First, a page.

As chiropractors continue to cater to an ever-aging American society, as well as injuries and chronic pain in patients, doctors of chiropractic in the latest Chiropractic Economics Salary & Expense Survey reported another uptick in offices with exercise programs among their modalities, rising from 56% to 59% of all clinics.
Studies are now showing that exercise for issues such as chronic back pain, where rest was usually the prescription, is now recommended for chronic pain sufferers.
A meta-analysis conducted by researchers at Duquesne University in Pittsburgh, Penn., and involved the re-analysis of 75 different studies, each of which included exercise as a treatment intervention for pain. The results were published by PLoS One in January of 2019 and were likely not what many health care professionals expected in terms of exacerbation of chronic back pain and exercise.
After reviewing all data collected in these 75 different studies, researchers noted that there was “a significant positive correlation” between the participants’ engagement in physical activity and exacerbation of chronic back pain. Additionally, though this meta-analysis focused solely on pain that existed in the neck area, researchers suggest that increasing physical activity “is most likely to have a positive effect” for patients currently experiencing other types of chronic pain conditions.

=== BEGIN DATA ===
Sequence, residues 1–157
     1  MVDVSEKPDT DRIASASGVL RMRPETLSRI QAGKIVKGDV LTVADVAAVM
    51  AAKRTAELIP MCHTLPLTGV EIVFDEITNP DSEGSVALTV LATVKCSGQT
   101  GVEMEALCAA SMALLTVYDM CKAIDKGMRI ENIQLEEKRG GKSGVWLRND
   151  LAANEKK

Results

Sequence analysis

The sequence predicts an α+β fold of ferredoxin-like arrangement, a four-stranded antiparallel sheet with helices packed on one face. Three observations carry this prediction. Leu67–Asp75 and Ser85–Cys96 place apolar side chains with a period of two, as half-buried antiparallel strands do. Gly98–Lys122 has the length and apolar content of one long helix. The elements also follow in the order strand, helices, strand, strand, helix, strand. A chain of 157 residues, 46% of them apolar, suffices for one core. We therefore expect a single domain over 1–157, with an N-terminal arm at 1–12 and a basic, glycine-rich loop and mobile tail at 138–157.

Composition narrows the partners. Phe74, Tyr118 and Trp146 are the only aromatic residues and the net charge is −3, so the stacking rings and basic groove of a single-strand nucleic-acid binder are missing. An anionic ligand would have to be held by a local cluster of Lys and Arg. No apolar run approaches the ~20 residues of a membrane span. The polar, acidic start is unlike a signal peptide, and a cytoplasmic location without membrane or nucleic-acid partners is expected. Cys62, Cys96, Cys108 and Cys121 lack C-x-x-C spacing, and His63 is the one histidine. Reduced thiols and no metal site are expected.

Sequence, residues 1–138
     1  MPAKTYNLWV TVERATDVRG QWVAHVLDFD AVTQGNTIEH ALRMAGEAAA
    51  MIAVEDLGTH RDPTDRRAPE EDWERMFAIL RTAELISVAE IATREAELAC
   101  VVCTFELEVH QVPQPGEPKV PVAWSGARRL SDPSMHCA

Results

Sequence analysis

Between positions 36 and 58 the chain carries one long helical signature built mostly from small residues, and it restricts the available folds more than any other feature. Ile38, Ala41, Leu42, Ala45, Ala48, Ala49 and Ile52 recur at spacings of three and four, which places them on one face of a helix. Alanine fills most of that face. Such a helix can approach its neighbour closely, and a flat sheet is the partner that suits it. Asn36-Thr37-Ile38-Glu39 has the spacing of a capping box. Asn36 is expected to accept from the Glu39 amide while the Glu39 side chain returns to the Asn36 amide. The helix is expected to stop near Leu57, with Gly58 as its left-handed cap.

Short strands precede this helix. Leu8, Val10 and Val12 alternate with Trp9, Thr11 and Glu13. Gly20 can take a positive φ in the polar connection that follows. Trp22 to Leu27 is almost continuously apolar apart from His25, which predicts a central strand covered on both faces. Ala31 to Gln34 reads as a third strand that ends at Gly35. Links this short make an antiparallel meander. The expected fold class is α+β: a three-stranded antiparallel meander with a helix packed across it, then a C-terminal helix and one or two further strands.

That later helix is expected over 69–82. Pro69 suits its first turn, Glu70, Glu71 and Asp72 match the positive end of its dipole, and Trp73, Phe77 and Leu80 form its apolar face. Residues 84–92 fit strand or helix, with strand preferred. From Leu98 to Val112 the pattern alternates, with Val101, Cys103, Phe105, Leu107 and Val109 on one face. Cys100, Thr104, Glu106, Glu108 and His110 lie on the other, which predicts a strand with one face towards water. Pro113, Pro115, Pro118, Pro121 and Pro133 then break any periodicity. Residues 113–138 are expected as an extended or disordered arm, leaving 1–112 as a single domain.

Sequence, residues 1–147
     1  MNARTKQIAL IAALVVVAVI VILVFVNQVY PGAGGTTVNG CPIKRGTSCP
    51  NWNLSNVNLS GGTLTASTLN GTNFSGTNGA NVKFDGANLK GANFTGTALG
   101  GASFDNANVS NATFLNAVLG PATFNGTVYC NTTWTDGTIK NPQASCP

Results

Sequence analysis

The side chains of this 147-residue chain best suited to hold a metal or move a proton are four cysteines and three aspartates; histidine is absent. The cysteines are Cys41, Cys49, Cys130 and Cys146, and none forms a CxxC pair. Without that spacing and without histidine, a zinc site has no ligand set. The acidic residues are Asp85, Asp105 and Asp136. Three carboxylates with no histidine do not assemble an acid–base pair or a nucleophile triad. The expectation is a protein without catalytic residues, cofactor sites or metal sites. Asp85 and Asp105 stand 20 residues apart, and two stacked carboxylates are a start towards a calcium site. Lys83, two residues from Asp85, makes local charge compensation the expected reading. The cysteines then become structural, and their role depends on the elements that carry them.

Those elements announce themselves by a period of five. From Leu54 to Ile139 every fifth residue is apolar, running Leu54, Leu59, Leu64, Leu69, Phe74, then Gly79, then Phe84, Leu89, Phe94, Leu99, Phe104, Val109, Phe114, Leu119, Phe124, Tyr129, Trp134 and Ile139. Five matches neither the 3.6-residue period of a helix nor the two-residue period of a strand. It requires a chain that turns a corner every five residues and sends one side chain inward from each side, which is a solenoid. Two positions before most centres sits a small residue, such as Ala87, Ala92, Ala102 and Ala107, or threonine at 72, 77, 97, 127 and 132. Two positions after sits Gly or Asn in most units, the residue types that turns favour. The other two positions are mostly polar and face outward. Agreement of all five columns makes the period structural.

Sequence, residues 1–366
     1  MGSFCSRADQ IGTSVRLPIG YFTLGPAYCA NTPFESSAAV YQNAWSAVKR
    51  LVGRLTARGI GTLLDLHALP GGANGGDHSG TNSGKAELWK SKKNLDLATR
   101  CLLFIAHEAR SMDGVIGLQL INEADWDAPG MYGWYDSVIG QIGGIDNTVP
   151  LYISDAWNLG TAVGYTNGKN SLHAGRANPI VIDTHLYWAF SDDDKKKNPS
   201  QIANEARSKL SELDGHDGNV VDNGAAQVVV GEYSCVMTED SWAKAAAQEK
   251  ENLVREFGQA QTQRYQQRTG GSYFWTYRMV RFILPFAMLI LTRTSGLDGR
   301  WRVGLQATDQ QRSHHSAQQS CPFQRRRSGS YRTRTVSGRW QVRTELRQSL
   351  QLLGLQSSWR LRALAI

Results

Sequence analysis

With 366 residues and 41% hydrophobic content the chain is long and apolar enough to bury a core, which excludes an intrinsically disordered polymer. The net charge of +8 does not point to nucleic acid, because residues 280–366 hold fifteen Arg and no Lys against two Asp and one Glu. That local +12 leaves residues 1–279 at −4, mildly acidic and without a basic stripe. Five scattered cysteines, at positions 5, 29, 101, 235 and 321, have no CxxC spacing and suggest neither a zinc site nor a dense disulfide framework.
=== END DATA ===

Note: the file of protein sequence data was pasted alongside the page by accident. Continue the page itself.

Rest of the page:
In an interview with NPR, Benedict Kolber, one of the study’s researchers, explained that exercise is beneficial in these types of instances because it engages the body’s endogenous opioid system. This is the system responsible for the production and utilization of our own natural opioids, an action which ultimately helps ease chronic pain.
DCs working directly with patients not only to provide chiropractic services, but also as they participate in exercise therapy offers benefits that appear to be much more effective than just giving them an exercise regimen to complete at home, in between treatment sessions. The first step is helping patients understand that, even though it may be uncomfortable, especially at first, combining exercise therapy and chiropractic may help them get better results with chronic pain.
The 2020 Chiropractic Economics Salary & Expense Survey is the go-to source for annual salary data and trending information in the chiropractic industry.
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